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Serializable isolation level make deadlock

  1. Serializable isolation level make deadlock

    Dear all,

    I am facing a problem using serialzable isolation level in a stored
    procedure, when 2 sessions call the sp by other stored procedure loop 10000
    times. Deadlock occur and 1 session will be killed as deadlock detect.
    Siimplify version as below

    Stored Procedure 1 (sp1):
    set isolation level serialzable
    begin trans
    update table t1 where ... and (select sum(c1) from t1 > 100000);
    insert into t2 ...;
    end

    Stored Procedure 2 (sp2)
    loop 10000 times to exec sp1

    I want a session if undergo the update statement in sp1, no session can
    start select sum(c1) from t1 until the update statement complete.

    Is it I just ignore the "set isolation level" statement can achieve what I
    want?

    Thanks!

    Regards,
    Edwin

    Is it


  2. Re: Serializable isolation level make deadlock

    >> I am facing a problem using serializable isolation level in a stored procedure, when 2 sessions call the sp by other <<

    The nature of the serializable isolation level is that it locks out
    everyone else. This is why we don't like to use it very often in
    production code, as you leaned.

    >> .. stored procedure loop 10000 times. Deadlock occur and 1 session will be killed as deadlock detect. <<


    SQL code should be declarative and not have loops in it. My guess is
    that you need to re-write the Stored Procedure. The simplified
    version is not much help. There is no such syntax as UPDATE TABLE in
    SQL and only dialects allow an alias in the UPDATE clause; (SELECT SUM
    ( c1) FROM T1 > 100000) is also invalid. An UPDATE followed by an
    insertion is also a symptom of a procedural mindset. We need to see a
    MUCH better simplified version or the real code with DDL.

    >> Is it I just ignore the "set isolation level" statement can achieve what I want? <<


    You never told us what you want to achieve. How can we know?

  3. Re: Serializable isolation level make deadlock

    On Nov 22, 9:16*am, Edwin Chan
    wrote:
    > Dear all,
    >
    > I am facing a problem using serialzable isolation level in a stored
    > procedure, when 2 sessions call the sp by other stored procedure loop 10000
    > times. Deadlock occur and 1 session will be killed as deadlock detect.
    > Siimplify version as below
    >
    > Stored Procedure 1 (sp1):
    > set isolation level serialzable
    > begin trans
    > update table t1 where ... and (select sum(c1) from t1 > 100000);
    > insert into t2 ...;
    > end
    >
    > Stored Procedure 2 (sp2)
    > loop 10000 times *to exec sp1
    >
    > I want a session if undergo the update statement in sp1, no session can
    > start select sum(c1) from t1 until the update statement complete.
    >
    > Is it I just ignore the "set isolation level" statement can achieve what I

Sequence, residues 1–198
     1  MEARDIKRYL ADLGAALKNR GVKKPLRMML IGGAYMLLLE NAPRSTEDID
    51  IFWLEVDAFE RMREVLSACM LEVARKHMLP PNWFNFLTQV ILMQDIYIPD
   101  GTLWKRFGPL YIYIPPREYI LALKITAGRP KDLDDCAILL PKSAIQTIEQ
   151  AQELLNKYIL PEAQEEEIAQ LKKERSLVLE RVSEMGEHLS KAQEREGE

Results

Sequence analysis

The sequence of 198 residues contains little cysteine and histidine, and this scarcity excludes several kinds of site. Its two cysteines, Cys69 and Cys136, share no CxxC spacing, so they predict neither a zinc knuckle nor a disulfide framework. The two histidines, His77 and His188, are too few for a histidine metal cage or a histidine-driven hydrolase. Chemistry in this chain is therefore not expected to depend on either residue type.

> want?
    >
    > Thanks!
    >
    > Regards,
    > Edwin
    >
    > Is it


    I would use sp_getapplock to serialize requests. Alternatively, you
    could use snapshot isolation so that readers and writers do not block
    each other.

  4. Re: Serializable isolation level make deadlock

    On Nov 22, 11:39*am, --CELKO-- wrote:
    > >> I am facing a problem using serializable isolation level in a stored procedure, when 2 sessions call the sp by other <<

    >
    > The nature of the serializable isolation level is that it locks out
    > everyone else. *


    Not everyone - many selects can still proceed.

  5. Re: Serializable isolation level make deadlock

    >> I would use sp_getapplock to serialize requests. Alternatively, you could use snapshot isolation so that readers and writers do not block each other. <<

    I don't think that locks are the real problem here. I would guess
    that the looping is going to kill performance, even if he can avoid
    locking everything. This looks like he is mimicking a tape file
    system in SQL; the loop and the UPDATE and INSERT are symptoms that
    this procedure can be replaced with a single MERGE statement. The
    single statement would be atomic so fancy locking by the programmer
    would not be required. It would also run orders of magnitude
    faster.

    But who knows until we get more specs, real code and some DDL?


  6. Re: Serializable isolation level make deadlock

    Thanks all. I put the code in following.

    TABLE:

    CREATE TABLE Comb1 (
    Count int identity (1, 1) NOT NULL,
    MS int NOT NULL,
    Invest double precision NOT NULL,
    Odds double precision NOT NULL,
    WinPay double precision NOT NULL,
    PositionLimit double precision NOT NULL,
    constraint PK_COMB1 primary key nonclustered (Count)
    );

    CREATE TABLE Trans (
    ID int identity (1, 1) NOT NULL,
    MS int NOT NULL,
    Invest double precision NOT NULL,
    Odds double precision NOT NULL,
    constraint PK_TRANS primary key nonclustered (ID)
    );

    Stored Procedure:

    CREATE PROCEDURE dbo.bet_func
    (@ms INT, @invest FLOAT, @odds FLOAT, @Result BIT OUTPUT)
    AS
    SET TRANSACTION ISOLATION LEVEL SERIALIZABLE;
    BEGIN TRANSACTION;
    UPDATE dbo.Comb1 SET
    Invest = Invest + @invest,
    Odds = @odds,
    WinPay = WinPay + (@invest * @odds)
    WHERE MS = @ms
    AND ((((select SUM(Invest) FROM dbo.Comb1) + @invest) - ((@invest *
    @odds) + (SELECT WinPay FROM dbo.Comb1 WHERE MS=@ms))) > -100000000000 );
    IF ( @@rowcount = 1)
    BEGIN
    INSERT INTO Trans (MS, Invest, Odds) VALUES
    (@ms, @invest, @odds);
    SET @Result = 1;
    END
    ELSE
    SET @Result = 0;
    COMMIT TRANSACTION;

    CREATE PROCEDURE dbo.call_bet_func
    (@ms INT, @invest FLOAT, @odds FLOAT, @betCount INT, @Result BIT OUTPUT,